$200,000 HEPPP Grant for Indigenous Participation Research

Wednesday, 8 June 2016

Newcastle Business School has received a $200,000 grant for research focusing on developing strategies to improve Indigenous participation and success in business.

Professor Morris Altman

A cross-faculty and cross-institutional research team, led by Head of the Newcastle Business School Professor Morris Altman and the Business School’s Dr Tamara Young, has received a $200,000 Australian Government Higher Education Participation and Partnerships Program (HEPPP) grant for a research project focusing on developing strategies to improve Indigenous participation and success in business.

The project, Improving Indigenous participation, retention and success in Australian business-related higher education, is also part of the Australian Business Deans Council initiative on Aboriginal business education.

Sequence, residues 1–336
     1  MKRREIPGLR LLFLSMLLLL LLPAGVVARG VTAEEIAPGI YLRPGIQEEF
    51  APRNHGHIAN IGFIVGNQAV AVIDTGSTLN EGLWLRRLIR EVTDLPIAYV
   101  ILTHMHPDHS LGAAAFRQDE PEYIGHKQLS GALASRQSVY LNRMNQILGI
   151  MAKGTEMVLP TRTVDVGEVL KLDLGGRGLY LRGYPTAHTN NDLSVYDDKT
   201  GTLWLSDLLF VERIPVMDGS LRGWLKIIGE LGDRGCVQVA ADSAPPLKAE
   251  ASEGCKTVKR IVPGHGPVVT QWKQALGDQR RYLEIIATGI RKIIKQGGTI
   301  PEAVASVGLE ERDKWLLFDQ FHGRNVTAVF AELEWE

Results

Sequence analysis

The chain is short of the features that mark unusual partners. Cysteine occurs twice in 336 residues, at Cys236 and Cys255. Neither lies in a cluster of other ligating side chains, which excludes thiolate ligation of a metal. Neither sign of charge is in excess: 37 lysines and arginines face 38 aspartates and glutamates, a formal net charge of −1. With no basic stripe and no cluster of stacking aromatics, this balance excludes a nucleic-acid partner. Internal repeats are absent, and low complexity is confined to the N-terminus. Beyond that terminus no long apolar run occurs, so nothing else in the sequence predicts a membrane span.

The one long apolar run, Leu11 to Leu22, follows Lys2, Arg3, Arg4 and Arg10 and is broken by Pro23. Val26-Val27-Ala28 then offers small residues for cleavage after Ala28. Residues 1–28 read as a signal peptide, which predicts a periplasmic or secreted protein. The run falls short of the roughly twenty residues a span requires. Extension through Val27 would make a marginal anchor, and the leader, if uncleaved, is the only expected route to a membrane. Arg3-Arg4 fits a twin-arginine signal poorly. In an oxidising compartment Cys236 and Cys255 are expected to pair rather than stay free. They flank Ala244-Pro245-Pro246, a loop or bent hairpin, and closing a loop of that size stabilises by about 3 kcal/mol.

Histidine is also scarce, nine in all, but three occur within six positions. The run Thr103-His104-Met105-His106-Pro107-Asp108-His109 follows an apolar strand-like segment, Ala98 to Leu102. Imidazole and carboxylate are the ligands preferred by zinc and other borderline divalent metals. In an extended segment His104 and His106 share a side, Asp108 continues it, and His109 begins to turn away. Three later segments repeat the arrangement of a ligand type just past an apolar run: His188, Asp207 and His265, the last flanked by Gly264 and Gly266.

Particular attention will be paid to identifying barriers to participation and success in business education, and developing recommendations for increasing participation and success of Indigenous students from low socio-economic backgrounds. The project will build an evidence base to inform strategies and initiatives, which will be further informed by, and shared with, a Community of Practice established and fostered by the project. The Community of Practice will comprise a network of academic and professional staff in business-related higher education, university-based Indigenous institutes and centres, and Indigenous students, alumni and business communities.

The project team includes Faculty members Dr Sara Motta and Kate Ramzan-Levy, and colleagues from the Wollotuka Institute, the School of Humanities and Social Science, University of New England and Victoria University of Wellington.

Congratulations to all of those involved in the project.

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The University of Newcastle acknowledges the traditional custodians of the lands within our footprint areas: Awabakal, Darkinjung, Biripai, Worimi, Wonnarua, and Eora Nations. We also pay respect to the wisdom of our Elders past and present.